Establishing and maintaining a permanent human presence on Mars promises to be one of the most technologically challenging ventures ever undertaken by our species. A key aspect of the endeavor is to create an environment in which human beings can survive and flourish – this requires a ready supply of oxygen. NASA is working with Indiana-based company Techshot Inc. in order to develop a solution with the potential to produce an abundant source of oxygen with minimal assistance from Earth.

Working from the company's "Mars room," which plays host to a test chamber capable of emulating the inhospitable conditions prevailing on the Red Planet, chief scientist Eugene Boland is exploring the potential of using ecosystem-building pioneer organisms such as bacteria or algae as oxygen factories. The organisms would use Mars' ample supply of regolith as fuel, and may even serve a dual purpose in removing nitrogen from the Martian soil.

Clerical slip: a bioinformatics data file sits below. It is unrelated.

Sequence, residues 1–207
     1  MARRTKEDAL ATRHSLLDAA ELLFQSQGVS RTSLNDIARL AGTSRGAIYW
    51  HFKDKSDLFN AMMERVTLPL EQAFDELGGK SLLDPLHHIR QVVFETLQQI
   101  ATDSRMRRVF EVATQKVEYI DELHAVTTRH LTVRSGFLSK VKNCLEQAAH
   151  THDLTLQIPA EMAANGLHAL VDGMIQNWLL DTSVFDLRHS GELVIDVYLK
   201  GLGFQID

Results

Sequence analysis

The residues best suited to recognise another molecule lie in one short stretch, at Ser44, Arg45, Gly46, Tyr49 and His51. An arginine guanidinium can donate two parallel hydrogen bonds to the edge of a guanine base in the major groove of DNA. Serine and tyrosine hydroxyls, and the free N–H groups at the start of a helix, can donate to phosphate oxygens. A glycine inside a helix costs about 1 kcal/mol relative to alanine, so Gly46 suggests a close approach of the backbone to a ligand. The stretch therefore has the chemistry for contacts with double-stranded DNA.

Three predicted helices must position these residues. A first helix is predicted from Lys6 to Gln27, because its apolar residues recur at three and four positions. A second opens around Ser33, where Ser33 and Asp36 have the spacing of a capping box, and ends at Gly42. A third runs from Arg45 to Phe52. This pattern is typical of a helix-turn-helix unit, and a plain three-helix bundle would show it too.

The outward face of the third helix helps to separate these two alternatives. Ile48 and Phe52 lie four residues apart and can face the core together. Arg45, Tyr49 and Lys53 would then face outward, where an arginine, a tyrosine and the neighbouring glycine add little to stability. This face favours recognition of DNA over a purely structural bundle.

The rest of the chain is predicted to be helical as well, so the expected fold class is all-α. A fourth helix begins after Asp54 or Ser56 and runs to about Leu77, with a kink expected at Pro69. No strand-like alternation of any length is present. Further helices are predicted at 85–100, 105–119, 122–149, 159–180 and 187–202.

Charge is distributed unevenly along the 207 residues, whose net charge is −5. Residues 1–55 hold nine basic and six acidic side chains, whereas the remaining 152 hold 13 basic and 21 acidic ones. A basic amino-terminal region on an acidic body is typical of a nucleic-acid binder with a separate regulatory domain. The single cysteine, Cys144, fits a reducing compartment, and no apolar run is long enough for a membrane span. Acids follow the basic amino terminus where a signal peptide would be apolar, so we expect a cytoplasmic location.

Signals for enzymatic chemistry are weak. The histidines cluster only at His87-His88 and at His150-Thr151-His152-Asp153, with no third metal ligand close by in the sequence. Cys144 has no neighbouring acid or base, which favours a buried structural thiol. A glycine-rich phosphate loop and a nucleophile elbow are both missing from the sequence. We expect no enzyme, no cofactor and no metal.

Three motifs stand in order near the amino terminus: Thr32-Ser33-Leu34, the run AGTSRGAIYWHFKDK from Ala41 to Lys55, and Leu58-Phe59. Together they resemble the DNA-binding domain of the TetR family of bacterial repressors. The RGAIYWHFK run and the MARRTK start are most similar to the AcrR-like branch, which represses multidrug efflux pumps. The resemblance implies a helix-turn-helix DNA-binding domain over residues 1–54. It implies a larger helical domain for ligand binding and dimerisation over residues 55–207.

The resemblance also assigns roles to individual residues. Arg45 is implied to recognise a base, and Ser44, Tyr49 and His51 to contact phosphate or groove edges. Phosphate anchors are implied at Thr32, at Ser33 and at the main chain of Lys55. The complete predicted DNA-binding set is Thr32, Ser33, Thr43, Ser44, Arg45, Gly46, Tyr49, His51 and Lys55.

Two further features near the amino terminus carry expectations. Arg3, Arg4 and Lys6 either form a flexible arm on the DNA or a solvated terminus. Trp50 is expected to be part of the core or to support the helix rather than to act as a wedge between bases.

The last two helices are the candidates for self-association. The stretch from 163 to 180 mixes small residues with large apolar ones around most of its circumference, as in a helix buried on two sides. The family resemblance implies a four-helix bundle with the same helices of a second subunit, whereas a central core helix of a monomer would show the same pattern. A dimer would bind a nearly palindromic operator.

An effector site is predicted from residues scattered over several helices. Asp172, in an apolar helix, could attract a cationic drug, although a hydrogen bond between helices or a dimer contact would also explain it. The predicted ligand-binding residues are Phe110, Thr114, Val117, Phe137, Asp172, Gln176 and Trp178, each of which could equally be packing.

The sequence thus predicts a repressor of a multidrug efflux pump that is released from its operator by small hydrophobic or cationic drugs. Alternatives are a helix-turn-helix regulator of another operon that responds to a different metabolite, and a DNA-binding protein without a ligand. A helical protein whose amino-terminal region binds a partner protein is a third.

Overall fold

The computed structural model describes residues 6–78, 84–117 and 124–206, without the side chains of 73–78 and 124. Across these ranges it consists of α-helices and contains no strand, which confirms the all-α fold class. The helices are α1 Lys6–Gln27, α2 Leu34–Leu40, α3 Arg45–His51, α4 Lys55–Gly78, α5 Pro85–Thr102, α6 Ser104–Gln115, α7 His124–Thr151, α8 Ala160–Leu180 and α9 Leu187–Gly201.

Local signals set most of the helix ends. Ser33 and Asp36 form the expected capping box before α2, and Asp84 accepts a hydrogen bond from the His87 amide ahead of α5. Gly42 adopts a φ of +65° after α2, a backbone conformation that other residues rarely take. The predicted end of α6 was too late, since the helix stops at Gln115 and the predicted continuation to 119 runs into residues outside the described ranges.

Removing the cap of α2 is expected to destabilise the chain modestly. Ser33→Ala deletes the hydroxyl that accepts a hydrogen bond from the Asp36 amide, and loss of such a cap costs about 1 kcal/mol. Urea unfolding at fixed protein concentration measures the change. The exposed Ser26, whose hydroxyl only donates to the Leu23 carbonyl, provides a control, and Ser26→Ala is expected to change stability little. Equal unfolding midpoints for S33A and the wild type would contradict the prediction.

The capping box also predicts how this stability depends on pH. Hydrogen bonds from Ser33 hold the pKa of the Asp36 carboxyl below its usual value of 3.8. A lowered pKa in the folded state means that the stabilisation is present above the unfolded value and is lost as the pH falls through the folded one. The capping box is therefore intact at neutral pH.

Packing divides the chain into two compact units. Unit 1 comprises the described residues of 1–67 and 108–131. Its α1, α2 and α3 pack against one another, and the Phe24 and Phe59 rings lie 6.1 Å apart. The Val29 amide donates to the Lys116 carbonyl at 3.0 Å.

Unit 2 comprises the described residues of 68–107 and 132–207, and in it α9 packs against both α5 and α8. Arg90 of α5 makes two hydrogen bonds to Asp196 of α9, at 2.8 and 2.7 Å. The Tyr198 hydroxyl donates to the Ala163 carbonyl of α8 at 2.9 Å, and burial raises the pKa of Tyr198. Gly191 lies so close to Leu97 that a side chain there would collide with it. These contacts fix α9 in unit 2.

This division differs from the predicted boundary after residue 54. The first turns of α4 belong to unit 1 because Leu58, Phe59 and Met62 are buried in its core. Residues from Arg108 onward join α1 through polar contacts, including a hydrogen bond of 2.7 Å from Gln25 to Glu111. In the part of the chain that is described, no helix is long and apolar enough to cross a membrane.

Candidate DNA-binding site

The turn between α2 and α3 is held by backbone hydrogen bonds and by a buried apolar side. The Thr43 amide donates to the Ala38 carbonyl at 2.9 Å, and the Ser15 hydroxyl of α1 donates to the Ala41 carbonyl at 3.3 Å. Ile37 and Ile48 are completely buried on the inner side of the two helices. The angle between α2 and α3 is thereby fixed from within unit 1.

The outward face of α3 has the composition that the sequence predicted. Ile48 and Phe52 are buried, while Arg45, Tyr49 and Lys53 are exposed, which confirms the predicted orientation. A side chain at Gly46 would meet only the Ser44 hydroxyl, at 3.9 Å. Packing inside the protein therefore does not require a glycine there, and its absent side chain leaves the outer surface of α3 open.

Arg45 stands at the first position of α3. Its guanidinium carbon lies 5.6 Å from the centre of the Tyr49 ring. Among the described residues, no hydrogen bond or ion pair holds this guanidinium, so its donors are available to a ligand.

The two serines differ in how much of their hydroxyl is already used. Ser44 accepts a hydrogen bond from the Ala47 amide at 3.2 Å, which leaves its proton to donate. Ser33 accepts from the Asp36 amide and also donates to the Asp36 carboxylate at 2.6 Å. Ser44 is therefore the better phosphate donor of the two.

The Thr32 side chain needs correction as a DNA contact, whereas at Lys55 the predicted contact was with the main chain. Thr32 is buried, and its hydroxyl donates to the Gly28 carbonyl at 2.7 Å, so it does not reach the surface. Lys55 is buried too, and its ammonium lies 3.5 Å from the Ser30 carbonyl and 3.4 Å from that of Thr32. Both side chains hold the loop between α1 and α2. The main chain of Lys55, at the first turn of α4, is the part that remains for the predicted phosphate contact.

The test chamber located in Techshot Inc.'s Mars room (Photo: NASA/Techshot Inc.)

Such research is a vital aspect to any serious attempt to create an outpost on Mars. Any colony established on the Red Planet would be isolated from the homeworld by roughly 140 million miles (225.3 million km), with the average time between re-supply missions expected to be around 500 days. Furthermore cargo mass has to be factored into the equation, and NASA would be keen to free up as much space as possible by doing away with the need to transport oxygen and other gasses.

"This is a possible way to support a human mission to Mars, producing oxygen without having to send heavy gas canisters," states Boland. "Let’s send microbes and let them do the heavy-lifting for us."

For the first test, Boland and his team expect to see their research touch down on the Red Planet in a rover carrying an experimental test bed housing extremophile organisms such as cyanobacteria. The container would be drilled into the Martian surface, capturing a sample of alien soil in the process. As the specimens proceed to interact with the soil, the capsule will analyze the sealed environment for signs of oxygen or other metabolic products, transmitting its findings back to Earth via a Mars-orbiting satellite.

If subsequent experiments are met with success, we may one day see biodomes filled with the results of Boland's research mottling the surface of Mars, providing the nourishing oxygen necessary for humanity to make those historic first steps on Martian soil.

Source: NASA

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